Sofia Platform: Transitional Justice
3-4 December 2011
Session 2: Justice in Times of Transition
During the second panel discussion at the “Sofia Platform: Transitional Justice”, various policy approaches to dealing with the totalitarian past were presented.
In his opening remarks, Dobroslav Dimitrov, chairman of the Foreign Policy and Defence Committee of the National Assembly, said that the current Bulgarian Parliament had shown the political will to break with the previous regime with the adoption of a declaration in this spirit. He recalled the fierce resistance of the opposition to its adoption, but emphasised that he believed that this was the way to achieve democratic rule in society.
There are different ways to reject totalitarian regimes – one size does not fit all, said Sheila Camerer, South African Ambassador to Bulgaria and former Deputy Minister of Justice. South Africa, through its Truth and Reconciliation Commission, had chosen the path of amnesty in order to renew the country. This was its way of building a society of human rights, dignity and democracy, said Ambassador Camerer, who dwelt particularly on the role of women in the struggle for equality.
The most important thing is to have national reconciliation in countries that struggle with totalitarian regimes, said Charles University Professor Vladimir Balas, recalling that the process in the Czech Republic was much more peaceful than that happening now in the Arab world. He spoke of the challenges of transition in his country and explicitly stressed that there is no single specific model that can be repeated. It is important to have a clear line between justice and revenge, Professor Balas said.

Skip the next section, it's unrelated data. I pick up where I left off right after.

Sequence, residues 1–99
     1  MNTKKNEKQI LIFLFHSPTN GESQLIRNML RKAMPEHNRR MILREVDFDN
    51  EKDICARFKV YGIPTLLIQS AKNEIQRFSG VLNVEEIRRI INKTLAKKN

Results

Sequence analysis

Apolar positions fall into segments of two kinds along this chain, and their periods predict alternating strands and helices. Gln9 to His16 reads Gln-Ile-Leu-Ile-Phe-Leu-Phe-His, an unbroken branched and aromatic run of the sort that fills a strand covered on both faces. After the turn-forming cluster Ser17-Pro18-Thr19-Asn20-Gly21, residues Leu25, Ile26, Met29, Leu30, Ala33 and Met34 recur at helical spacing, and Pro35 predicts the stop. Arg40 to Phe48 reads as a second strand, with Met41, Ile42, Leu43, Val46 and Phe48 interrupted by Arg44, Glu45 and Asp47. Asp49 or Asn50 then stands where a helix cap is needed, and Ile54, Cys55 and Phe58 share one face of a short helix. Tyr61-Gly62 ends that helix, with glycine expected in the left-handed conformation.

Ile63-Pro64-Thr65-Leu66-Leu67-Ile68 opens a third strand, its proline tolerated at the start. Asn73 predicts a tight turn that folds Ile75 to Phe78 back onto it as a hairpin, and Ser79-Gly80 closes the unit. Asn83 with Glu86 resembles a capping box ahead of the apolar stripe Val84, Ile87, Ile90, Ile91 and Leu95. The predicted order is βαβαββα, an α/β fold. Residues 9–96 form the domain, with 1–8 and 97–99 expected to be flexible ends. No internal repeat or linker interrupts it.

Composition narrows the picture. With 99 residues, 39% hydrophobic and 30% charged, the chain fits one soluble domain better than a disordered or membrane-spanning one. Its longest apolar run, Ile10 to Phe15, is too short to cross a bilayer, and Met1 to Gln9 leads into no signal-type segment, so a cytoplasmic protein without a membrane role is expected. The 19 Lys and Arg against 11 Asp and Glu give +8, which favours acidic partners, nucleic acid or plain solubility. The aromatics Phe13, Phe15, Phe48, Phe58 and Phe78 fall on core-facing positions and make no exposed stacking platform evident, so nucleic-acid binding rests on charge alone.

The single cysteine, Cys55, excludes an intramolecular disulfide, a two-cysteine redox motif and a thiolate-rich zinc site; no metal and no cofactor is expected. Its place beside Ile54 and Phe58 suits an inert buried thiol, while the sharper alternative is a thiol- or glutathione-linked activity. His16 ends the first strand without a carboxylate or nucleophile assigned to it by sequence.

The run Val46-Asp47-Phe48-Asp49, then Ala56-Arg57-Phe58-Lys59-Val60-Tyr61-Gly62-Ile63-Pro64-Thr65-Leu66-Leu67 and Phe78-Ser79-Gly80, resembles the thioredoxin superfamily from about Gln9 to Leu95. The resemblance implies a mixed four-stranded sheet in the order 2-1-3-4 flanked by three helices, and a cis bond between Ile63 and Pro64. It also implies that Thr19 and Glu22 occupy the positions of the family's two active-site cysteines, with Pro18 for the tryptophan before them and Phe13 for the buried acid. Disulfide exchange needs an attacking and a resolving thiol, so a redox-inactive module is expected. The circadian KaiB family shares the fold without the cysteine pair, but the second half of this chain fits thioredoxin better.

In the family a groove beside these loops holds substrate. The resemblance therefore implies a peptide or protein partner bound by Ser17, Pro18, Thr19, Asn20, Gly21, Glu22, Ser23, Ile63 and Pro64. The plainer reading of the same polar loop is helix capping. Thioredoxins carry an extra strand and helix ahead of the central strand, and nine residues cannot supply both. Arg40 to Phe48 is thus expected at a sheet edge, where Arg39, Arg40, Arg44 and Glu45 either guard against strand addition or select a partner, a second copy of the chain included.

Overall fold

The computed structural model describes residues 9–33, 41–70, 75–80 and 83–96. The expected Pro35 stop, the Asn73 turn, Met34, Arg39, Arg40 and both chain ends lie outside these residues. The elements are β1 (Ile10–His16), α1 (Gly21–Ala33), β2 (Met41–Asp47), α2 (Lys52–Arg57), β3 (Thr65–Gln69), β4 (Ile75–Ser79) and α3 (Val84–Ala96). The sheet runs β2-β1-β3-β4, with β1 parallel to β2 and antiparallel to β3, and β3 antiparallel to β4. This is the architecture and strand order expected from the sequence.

The problem of reconciliation with the past is still subject to debate in Bulgaria, which often serves as a negative example in this respect, historian Momchil Metodiev said. However, he expressed his confidence that Bulgarian society has realized the necessity and inevitability of the process of ultimately fully understanding the past. Dr Metodiev described as extremely key to a fair transition, the opening of the files of the employees of State Security and cleansing the history of communism of serious lies. With the opening of archives, he said, another main objective could be achieved – the restoration of the social values that had been broken by communism.
The reflections of Romanian political scientist Raluca Ursaci were along similar lines. Turning to the communist past of her country and the signs that Romanian society has of actions that were taken by the Securitate secret police, she examined the ability of criminal justice to eradicate traumas inherited from the past. A penal process helps us to understand what actually happened – a story about the past, but this time around, free of spurious interference in its content.
In a video address to the conference, the Deputy Chairperson of the Human Rights Commission of South Africa, Pregaluxmi Govender, spoke of apartheid in her country and the continuing struggle for human rights and social protection to prevail fully.